Background: Compared with conventional genotyping, which typically tests for a limited number of mutations, next-generation DNA sequencing (NGS) provides increased accuracy for carrier screening. The objective of this study was to evaluate the cost effectiveness of carrier screening using NGS versus genotyping for 14 of the recessive disorders for which medical society guidelines recommend screening.
Methods: Data from published literature, population surveys, and expert opinion were used to develop a decision tree model capturing decisions and outcomes related to carrier screening and reproductive health.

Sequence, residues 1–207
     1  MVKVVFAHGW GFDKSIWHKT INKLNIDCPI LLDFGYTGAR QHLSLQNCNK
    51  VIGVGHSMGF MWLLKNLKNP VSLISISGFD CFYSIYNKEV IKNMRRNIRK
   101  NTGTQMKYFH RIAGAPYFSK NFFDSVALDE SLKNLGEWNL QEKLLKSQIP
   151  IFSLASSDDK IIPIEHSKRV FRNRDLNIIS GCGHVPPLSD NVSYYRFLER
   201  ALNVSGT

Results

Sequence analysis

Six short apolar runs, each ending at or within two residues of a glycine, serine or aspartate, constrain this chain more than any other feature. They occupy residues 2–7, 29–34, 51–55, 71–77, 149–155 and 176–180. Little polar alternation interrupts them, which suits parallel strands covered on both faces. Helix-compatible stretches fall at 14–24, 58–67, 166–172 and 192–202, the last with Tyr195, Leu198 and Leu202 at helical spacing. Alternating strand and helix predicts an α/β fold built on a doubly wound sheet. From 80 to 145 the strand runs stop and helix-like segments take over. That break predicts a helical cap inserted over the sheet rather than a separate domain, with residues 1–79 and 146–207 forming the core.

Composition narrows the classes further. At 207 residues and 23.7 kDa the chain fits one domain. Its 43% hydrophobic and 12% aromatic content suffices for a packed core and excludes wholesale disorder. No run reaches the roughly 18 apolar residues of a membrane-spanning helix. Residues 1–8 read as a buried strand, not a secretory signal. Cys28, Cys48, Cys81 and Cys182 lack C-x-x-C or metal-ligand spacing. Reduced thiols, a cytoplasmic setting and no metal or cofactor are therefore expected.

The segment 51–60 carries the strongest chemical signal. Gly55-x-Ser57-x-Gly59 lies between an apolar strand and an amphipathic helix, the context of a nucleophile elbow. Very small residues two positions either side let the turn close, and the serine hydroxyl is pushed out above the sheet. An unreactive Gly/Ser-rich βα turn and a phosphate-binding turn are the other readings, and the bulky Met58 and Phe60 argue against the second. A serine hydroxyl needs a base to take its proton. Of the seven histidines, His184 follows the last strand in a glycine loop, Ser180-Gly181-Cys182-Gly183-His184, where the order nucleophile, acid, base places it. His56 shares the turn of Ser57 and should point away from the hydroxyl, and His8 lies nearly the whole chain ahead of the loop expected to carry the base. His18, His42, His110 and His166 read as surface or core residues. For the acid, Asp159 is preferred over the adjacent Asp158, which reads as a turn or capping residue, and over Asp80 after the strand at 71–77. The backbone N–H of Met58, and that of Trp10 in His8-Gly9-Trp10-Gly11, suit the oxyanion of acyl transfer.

Results: Modeling a population of 1,000,000 couples that was representative of the United States population and that contained 83,421 carriers of pathogenic mutations, carrier screening using NGS averted 21 additional affected births as compared with genotyping, and reduced costs by approximately $13 million. As compared with no screening, NGS carrier screening averted 223 additional affected births. The results are sensitive to assumptions regarding mutation detection rates and carrier frequencies in multiethnic populations.
Conclusion: This study demonstrated that NGS-based carrier screening offers the greater benefit in clinical outcomes and lower total healthcare cost as compared with genotyping.
Keywords: Carrier screening; cost effectiveness; genotyping; next‐generation sequencing.